By Owen H. Laird, Esq.
Today, May 1, 2017, millions of people around the world will gather to celebrate International Workers Day, also referred to as “May Day.” In many countries across the world, “Labor Day” is celebrated on May 1. The significance of this holiday grew in the late 19th century, as a celebration of the ascendance of unions, the rights won for workers, and the ongoing fight for justice in the workplace.
While International Workers Day has a long, storied history in the rest of the world, May Day has lost most of its significance for Americans. While most of the rest of the world has an official public holiday on or about May 1, here in the U.S., the official “Labor Day” is observed in September. In the United States, even September’s Labor Day is typically viewed as a holiday marking the end of summer, rather than bearing any special significance about workers’ rights. There are generally few public ceremonies for May Day in the United States, in large part because of May Day’s socialist roots; the holiday was first declared by the Second International, an influential coalition of labor and socialist organizations dating back to the late 19th and early 20th centuries.
However, the young Trump administration’s already dismal record on workers’ rights has inspired protests today across the country. President Trump declared today to be “Loyalty Day.” The concept of an American “Loyalty Day” has existed since 1921, when the holiday was first created in order to oppose the socialist- and communist-associated International Workers Day. Since then, all U.S. presidents have recognized Loyalty Day, typically by releasing a general, non-partisan statement about American values, such as freedom and equality, and encouraging citizens to learn about U.S. history. Trump’s Loyalty Day proclamation, however, mandated public displays of the American flag, as well as mass recitations of the Pledge of Allegiance, and characterized the day as created to “express our country’s loyalty” to “limited government.”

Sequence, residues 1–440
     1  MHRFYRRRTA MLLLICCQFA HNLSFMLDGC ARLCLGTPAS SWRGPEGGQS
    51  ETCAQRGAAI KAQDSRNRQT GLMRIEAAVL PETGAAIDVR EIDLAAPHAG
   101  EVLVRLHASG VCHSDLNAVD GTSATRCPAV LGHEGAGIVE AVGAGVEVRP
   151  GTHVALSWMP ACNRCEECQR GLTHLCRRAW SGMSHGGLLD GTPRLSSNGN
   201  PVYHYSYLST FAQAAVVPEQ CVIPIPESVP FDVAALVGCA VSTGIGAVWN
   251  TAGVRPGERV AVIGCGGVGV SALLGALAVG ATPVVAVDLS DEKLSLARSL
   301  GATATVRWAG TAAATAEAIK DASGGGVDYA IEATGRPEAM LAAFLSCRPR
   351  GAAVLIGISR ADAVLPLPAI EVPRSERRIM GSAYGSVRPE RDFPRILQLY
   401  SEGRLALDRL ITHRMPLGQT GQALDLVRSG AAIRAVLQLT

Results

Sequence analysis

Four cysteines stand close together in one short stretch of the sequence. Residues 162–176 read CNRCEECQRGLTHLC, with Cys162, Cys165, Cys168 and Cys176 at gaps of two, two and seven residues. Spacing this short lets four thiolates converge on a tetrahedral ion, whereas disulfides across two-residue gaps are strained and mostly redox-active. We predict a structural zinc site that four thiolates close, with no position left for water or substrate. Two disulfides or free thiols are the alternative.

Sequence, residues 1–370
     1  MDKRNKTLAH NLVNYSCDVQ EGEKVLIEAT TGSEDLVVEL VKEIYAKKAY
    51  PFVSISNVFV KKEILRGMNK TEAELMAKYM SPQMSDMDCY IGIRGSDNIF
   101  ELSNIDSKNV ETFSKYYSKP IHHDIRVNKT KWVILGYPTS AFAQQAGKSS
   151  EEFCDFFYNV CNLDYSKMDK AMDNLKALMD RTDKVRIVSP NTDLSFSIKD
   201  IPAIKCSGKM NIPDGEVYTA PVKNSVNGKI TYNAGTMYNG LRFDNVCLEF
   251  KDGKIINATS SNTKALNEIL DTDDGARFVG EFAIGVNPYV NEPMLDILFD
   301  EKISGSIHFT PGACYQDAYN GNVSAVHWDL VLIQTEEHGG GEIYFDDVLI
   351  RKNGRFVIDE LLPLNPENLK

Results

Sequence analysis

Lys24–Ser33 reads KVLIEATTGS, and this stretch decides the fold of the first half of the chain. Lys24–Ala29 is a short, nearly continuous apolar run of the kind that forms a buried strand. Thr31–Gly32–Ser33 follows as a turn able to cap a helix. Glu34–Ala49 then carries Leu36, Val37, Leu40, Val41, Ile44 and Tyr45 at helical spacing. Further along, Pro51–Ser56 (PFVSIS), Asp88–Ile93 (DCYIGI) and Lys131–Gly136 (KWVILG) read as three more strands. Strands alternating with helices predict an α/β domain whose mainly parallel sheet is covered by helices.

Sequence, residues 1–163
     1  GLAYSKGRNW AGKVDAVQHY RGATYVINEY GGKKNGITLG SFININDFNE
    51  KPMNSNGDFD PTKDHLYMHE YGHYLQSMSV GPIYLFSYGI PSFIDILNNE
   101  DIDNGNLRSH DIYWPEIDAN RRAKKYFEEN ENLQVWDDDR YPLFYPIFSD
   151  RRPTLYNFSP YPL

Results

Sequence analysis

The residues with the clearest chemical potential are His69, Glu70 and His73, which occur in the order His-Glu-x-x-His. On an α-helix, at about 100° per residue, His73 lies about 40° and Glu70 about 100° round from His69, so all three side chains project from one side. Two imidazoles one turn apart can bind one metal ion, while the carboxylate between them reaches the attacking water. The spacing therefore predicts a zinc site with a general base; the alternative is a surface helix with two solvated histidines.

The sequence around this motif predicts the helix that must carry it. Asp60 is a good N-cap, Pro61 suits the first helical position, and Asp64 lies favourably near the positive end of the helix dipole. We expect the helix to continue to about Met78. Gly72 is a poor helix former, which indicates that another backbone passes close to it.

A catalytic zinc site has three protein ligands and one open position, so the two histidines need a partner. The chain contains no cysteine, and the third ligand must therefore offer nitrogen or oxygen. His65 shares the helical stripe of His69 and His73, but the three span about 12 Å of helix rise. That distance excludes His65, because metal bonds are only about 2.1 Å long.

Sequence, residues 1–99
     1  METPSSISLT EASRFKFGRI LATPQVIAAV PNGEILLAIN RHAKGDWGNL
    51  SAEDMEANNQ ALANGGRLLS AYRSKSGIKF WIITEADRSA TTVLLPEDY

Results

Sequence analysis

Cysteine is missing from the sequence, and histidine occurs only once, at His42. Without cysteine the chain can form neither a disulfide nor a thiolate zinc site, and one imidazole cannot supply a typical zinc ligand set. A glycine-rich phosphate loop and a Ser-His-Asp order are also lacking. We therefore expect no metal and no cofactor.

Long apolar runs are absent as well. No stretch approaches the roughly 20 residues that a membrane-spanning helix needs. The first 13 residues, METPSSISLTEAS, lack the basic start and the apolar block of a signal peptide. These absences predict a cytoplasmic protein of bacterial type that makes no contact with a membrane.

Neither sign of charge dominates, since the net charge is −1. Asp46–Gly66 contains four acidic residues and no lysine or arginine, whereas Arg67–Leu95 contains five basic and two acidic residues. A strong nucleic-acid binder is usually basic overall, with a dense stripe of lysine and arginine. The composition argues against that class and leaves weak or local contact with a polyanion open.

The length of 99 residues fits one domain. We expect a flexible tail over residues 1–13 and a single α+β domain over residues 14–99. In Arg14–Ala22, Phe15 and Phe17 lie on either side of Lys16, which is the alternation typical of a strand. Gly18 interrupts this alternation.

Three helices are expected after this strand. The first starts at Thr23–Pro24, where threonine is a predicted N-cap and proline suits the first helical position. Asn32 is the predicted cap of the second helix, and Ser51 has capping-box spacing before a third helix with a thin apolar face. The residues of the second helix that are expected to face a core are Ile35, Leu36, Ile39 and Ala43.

Today, people in the United States will join millions more internationally in using May Day to focus attention on social and economic injustice in their nations. From Cuba to Turkey to the Philippines, workers have organized today to protest inequality. Here in the U.S., protests across the country will address a variety of issues: immigrant and migrant rights, racial justice, women’s rights, and health care, to name a few.
With President Trump set to introduce a tax plan that primarily benefits corporations and the wealthy, and the Trump administration doing everything it can to undo social, political, and environmental protections implemented by Barack Obama, today’s protests will further illustrate that the American people will stand up together and protest the backwards direction that this administration is taking on issues like social justice and economic equality. Today, whether you are working, protesting, or neither, take some time to consider the progress we have made in improving the lives of working people, and the work that remains to be done.
If your employer has violated your rights as a worker, contact The Harman Firm, LLP.